cmloegcmluin wrote: ↑Fri Mar 27, 2020 1:32 am
Ah ha! So that's what the hexadecimal character code was about.
No. That tells what character the glyph was mapped to — what is called the "code point" in these days of Unicode. The extended ASCII characters I'm referring to, can be seen in the "Mixed short ASCII representation" column of http://sagittal.org/Sagittal2_character_map.pdf
Well, I've gone over this thread and I have to say I'm a big fan of Sagispeak. The only thing I might like to change is the use of "k" as opposed to "c".
Generally I prefer "k" because its less ambiguous, always making the /k/ sound, whereas "c" makes /k/ ("fact"), /s/ ("face"), /ʃ/ ("special"), or /tʃ/ ("fettuccine").
Yes. That's one reason why we didn't use "c".
However, since in Sagispeak the consonants always appear before an "a", and in these contexts "c" always makes /k/, it's not an issue.
An interesting point. I wasn't aware of that rule. I agree it checks out. Does it apply in languages other than English, that use the Latin alphabet?
However, another reason we didn't use "c" is that "c" doesn't look anything like
while "k" does.
And when its corresponding flag is doubled (
) and we do the effect where the doubled letter is replaced with the letter and an "h" ("cc" -> "ch") the better choice is "c", because "ch" is a productive and distinct formation in more languages than "kh" is.
Which is why we allow "ch" as an alternative spelling, with a corresponding alternative pronunciation as /tʃ/. And there is some resemblance between "c" and
(if you ignore the shaft).
So in my notes I've retained "k" and "kh" as options, pronouncing "kh" as /x/ as in the German pronunciation of "Bach", but I prefer using "c" and "ch", pronouncing "ch" as /tʃ/. My plan is to soon prepare tooling and educational materials for Sagittal using these notes, so please let me know if you have opposing opinions.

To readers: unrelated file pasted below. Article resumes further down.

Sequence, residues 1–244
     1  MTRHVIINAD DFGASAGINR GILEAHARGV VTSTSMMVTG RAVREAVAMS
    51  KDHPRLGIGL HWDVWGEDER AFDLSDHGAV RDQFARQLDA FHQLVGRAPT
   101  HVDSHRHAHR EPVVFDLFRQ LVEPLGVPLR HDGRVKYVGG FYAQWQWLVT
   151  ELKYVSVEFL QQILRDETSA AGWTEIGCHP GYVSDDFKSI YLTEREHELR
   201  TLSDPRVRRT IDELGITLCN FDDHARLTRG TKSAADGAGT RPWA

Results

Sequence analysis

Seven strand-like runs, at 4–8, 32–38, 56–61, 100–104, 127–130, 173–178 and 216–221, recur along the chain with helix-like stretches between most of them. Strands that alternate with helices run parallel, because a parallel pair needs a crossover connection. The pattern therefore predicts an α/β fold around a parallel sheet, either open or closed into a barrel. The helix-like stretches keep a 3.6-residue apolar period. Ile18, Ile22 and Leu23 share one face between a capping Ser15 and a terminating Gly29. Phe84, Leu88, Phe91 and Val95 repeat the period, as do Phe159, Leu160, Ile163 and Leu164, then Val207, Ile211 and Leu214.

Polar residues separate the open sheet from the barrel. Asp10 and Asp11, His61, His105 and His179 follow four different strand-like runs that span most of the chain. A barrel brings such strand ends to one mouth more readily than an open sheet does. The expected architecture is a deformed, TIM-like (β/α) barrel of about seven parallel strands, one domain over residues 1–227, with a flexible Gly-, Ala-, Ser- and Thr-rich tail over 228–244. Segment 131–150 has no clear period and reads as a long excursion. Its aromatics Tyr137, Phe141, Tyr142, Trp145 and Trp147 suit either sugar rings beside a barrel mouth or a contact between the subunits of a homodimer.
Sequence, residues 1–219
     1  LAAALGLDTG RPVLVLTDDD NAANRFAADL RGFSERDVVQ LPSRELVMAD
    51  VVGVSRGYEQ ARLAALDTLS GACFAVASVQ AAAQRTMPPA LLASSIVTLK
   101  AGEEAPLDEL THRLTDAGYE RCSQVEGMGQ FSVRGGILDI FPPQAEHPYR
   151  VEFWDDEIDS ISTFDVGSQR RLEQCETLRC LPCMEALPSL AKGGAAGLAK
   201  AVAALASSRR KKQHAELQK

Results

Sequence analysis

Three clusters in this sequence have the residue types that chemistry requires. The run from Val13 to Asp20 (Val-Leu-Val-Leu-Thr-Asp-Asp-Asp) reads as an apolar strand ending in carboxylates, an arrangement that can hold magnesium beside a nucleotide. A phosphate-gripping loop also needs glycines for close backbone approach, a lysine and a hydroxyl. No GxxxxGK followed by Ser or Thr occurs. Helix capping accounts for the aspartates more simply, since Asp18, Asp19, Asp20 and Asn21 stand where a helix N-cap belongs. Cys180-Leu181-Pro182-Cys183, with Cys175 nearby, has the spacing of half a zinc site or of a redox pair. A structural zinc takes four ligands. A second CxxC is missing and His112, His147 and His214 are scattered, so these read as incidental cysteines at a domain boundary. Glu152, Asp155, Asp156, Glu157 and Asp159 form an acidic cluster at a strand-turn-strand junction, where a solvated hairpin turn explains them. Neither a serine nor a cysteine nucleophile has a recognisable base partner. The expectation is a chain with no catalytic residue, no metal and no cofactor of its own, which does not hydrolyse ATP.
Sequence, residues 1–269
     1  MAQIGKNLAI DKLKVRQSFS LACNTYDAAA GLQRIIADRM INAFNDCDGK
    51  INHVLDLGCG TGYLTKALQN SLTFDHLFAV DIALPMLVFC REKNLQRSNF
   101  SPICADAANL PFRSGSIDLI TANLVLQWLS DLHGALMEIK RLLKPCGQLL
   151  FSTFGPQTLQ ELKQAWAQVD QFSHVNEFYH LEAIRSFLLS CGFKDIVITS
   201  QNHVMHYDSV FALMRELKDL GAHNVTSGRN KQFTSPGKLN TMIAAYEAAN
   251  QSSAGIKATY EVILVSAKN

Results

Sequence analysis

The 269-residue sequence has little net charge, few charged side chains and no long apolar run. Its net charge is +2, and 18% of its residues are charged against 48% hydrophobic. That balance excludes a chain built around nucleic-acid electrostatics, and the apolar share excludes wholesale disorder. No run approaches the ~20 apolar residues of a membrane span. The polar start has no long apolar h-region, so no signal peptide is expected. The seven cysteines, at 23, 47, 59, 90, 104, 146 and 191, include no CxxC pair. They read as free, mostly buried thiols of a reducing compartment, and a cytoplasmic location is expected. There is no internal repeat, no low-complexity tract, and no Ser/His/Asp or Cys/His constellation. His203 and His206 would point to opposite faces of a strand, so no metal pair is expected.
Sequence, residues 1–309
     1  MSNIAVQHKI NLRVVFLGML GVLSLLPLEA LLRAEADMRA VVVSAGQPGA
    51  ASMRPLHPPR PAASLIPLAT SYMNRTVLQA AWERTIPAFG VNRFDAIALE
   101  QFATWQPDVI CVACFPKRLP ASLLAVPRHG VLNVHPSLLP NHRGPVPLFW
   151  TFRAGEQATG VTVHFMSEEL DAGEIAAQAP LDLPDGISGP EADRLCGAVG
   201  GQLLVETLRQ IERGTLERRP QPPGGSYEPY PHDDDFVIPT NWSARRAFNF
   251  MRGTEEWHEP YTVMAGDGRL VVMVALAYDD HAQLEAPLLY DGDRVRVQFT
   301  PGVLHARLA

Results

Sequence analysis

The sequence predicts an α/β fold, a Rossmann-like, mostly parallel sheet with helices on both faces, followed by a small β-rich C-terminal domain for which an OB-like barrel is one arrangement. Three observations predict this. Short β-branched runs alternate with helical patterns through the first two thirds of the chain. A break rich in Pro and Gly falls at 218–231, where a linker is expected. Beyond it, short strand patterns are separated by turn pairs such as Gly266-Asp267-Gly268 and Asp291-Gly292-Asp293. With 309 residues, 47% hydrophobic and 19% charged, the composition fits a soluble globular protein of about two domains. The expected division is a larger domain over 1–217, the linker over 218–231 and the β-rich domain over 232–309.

Those two spelling options and pronunciation options are exactly what we suggest for
. Note that both kh and ch can be pronounced /x/, but only ch can be pronounced /tʃ/. It should not be spelled "ch" in French as this would be pronounced /ʃ/ which would conflict with sh for
. There was a suggestion to deal with that, in a previous post in this topic, namely spelling it as "tch" in French. I've now added that to the table.
But I don't want "c" as an option for
, for the reasons given above.
Oh yeah, I did have another thing — I noticed that
may be spelled either "sr" or "sl" however
is only given one spelling option of "r". I assumed that was an oversight since there's no conflict in offering "l" as a spelling for
The "sl" spelling was allowed for
because there is no consonant blend "sr". At least not in English. https://kiddymath.com/worksheets/sr-blend
we have the problem of "l" not looking like the downward symbol
(you have to imagine the "r" rotated 180°), and we want a definite character for its short-ASCII, which is "r". However I have now added the text: "(may be pronounced ℓ)". Thanks for that.
Oh wait, actually there was one more thing. On the New Olympian diacritics forum thread
the Olympian diacritics are moved from the right side of the symbol to the left. I don't see this explicitly acknowledged there, but I assume that analogously they become prefixes now instead of suffixes? I see that
is spelled "mi-ai" so it seems like this is indeed the case (by the way, are the hyphens necessary? I might prefer miao myself, and I don't see that introducing any ambiguity).
I don't see the hyphen as necessary. This move from suffix to prefix was not discussed with George. It creates a possible problem when a mina diacritic is followed by a schisma diacritic, which gives mii mio, moi, moo, which may lead to the schisma diacritic not being clearly articulated. Any suggestions? Magrathean diacritics might also be considered.
I'm eager to hear opposing opinions, really. The only thing I was slightly disappointed about on this thread was that most of the talk was about the shorthand characters, and not the pronunciation (I didn't see anyone debating the "k" vs. "c" choice already). Maybe I'm a bit of a pronunciation geek and I was hoping for more entertainment!
Ha! Sorry. It's a shame you weren't around when we were designing it. We might have got there a lot quicker.